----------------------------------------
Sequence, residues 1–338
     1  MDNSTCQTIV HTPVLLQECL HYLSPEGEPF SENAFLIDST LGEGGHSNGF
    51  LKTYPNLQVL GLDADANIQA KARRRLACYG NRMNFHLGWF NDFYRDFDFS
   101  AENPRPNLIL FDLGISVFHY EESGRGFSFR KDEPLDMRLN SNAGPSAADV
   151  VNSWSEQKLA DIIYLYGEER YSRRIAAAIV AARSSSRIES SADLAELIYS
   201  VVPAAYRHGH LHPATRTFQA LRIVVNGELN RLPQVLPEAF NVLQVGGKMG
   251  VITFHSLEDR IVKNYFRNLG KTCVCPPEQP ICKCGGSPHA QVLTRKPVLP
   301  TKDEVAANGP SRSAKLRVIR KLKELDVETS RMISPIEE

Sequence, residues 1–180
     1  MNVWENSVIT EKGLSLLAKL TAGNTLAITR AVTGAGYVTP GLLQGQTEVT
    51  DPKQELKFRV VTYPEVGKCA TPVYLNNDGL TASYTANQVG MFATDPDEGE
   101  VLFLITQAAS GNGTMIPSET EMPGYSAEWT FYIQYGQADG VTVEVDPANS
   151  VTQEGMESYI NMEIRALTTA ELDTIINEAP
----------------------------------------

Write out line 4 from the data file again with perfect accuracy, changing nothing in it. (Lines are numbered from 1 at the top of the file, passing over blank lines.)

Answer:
   101  AENPRPNLIL FDLGISVFHY EESGRGFSFR KDEPLDMRLN SNAGPSAADV